Fire Safety Technicians


Exploring this Job

If you are still in high school, your school counselor, science teachers, and librarian should be able to provide you with some introductory information about the various careers in fire protection, safety, and prevention. You can visit your local fire department, look at the equipment, and talk with the firefighters and their commanding officers. In some departments, you may be able to gain experience by working as a volunteer firefighter.

Some fire departments have Fire Explorer Posts for those interested in the career. Local or community colleges also have fire science and prevention courses open to high school courses.

Courses in lifesaving and first aid also offer helpful experience. Summer jobs as aides with the government park and forest service are available as well. In these jobs, you may learn about fire prevention, control, and detection in forest and grassland conservation work.

It is usually possible to arrange a visit with an insurance company to learn about the huge economic losses caused by fire. Large insurance offices often have agents or officers who can describe fire technician jobs or services in inspection, fire insurance, rate setting or claim settlement, and fire-prevention services. You can also obtain part-time or summer jobs with fire-equipment manufacturing, supply, and service companies.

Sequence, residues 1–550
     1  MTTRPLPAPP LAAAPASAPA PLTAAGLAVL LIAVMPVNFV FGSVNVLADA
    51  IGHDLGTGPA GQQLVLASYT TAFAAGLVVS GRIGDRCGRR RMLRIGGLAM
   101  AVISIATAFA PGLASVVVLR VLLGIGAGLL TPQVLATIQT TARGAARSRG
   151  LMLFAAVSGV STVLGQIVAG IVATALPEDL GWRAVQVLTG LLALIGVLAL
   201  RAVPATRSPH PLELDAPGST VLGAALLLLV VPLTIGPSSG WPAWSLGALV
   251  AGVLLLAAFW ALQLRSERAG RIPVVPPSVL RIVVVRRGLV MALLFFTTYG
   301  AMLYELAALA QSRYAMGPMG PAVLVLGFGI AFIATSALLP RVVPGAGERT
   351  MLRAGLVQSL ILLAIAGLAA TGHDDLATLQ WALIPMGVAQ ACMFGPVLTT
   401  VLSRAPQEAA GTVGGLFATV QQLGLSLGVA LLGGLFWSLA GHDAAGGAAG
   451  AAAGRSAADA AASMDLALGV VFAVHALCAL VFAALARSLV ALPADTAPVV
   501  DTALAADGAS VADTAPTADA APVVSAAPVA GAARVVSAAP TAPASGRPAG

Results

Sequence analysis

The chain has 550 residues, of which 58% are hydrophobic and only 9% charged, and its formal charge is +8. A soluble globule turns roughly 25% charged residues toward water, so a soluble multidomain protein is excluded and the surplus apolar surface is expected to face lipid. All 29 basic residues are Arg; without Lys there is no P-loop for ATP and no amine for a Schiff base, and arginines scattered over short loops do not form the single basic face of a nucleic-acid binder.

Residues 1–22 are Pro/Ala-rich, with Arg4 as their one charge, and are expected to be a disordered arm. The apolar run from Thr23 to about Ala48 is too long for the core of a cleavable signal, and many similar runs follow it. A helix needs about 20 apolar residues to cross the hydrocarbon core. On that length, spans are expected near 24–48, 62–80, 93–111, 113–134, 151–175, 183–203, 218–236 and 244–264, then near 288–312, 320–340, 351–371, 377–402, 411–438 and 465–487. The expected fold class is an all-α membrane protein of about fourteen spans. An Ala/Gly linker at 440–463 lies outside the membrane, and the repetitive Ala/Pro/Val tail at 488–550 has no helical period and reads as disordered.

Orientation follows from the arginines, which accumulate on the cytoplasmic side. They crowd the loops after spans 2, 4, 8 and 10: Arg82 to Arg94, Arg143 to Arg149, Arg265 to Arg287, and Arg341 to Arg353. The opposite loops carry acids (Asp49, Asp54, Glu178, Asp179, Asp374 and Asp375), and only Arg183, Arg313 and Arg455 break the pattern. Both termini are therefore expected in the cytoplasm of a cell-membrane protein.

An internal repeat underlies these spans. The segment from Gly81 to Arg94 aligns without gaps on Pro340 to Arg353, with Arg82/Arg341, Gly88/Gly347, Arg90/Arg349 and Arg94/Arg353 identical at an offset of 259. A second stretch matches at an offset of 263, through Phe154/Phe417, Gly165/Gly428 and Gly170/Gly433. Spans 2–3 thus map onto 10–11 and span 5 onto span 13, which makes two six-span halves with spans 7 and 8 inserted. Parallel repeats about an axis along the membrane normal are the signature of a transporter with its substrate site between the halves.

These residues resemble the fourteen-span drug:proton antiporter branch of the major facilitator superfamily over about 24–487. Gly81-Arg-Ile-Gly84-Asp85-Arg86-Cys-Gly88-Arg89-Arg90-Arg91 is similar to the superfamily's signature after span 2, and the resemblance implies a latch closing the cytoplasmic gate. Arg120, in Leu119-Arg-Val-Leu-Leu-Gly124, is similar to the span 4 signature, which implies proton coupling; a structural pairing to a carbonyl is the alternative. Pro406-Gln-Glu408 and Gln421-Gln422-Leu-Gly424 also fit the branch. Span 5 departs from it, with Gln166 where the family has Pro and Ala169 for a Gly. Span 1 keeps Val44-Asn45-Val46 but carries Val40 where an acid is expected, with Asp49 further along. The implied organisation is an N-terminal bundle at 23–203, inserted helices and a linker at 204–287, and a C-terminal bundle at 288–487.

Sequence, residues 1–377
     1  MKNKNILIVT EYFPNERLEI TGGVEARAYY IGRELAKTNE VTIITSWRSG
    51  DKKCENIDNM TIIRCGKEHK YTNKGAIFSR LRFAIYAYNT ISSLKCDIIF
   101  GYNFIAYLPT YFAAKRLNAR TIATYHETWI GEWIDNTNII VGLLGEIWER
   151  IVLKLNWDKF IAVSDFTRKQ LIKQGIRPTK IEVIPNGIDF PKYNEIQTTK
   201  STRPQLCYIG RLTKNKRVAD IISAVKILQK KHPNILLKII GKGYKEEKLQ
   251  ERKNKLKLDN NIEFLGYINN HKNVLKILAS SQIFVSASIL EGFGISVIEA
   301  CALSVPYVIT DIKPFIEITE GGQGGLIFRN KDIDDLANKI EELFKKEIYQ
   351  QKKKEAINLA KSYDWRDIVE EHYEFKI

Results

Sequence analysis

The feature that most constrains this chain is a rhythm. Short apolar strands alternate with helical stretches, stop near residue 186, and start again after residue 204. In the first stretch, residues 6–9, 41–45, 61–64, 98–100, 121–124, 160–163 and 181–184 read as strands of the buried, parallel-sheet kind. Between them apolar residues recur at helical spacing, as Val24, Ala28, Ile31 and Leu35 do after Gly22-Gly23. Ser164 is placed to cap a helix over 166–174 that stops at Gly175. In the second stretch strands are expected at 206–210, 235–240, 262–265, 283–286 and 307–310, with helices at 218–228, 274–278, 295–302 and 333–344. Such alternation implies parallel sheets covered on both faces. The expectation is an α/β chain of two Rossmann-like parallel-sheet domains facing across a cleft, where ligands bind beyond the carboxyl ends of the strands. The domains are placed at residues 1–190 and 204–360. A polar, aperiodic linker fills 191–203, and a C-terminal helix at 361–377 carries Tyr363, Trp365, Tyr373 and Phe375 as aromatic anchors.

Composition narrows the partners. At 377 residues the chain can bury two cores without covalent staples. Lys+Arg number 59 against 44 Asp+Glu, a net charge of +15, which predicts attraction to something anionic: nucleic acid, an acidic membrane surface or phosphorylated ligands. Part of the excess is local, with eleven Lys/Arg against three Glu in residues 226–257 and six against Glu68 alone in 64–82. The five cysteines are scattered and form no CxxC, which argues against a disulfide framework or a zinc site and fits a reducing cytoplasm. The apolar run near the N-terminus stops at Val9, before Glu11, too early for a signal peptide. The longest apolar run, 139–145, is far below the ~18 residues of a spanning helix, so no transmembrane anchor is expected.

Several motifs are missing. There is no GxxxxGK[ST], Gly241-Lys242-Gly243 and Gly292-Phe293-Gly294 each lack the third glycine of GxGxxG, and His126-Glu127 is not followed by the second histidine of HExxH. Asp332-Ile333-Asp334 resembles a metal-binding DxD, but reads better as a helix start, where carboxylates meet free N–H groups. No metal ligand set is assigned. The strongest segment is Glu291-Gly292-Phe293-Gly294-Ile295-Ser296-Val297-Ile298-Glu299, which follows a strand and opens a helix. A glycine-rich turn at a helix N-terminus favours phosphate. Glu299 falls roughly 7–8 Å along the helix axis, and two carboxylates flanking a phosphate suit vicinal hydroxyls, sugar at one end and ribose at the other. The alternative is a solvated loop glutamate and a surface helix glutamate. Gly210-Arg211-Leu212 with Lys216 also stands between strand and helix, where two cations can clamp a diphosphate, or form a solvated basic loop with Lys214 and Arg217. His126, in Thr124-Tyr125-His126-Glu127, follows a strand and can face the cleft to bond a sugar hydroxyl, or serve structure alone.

The Job

Fire safety technicians are employed by local fire departments, fire insurance companies, industrial organizations, government agencies, and businesses dealing with fire-protection equipment and consulting services. 

Fire safety technicians who are employed by local fire departments spend a lot of time working with the public. By working with the public through schools, businesses, and service clubs and organizations, they can expand their level of understanding about the dangers of fire and teach them methods of fire protection and fire prevention.

Fire science specialists employed by insurance companies make recommendations for fire protection and safety measures in specific buildings. As part of their duties they provide information that helps companies set insurance rates, examine water supply and sprinkler facilities, and make suggestions to correct hazardous conditions. They may be part of an arson investigation squad or work with adjusters to determine the amount of personal injury or property loss caused by fire. 

In industry, fire safety technicians are often part of an industrial safety team. They inspect areas for possible fire hazards and formulate company procedures in case of fire. They periodically inspect fire-fighting equipment such as extinguishers, hoses and hydrants, fire doors, automatic alarms, and sprinkler systems. An important part of their duties is to hold fire prevention seminars to keep department heads and key workers aware and alert to potential fire hazards in their particular areas. Technicians also teach these employees what to do in case of fire or other emergencies.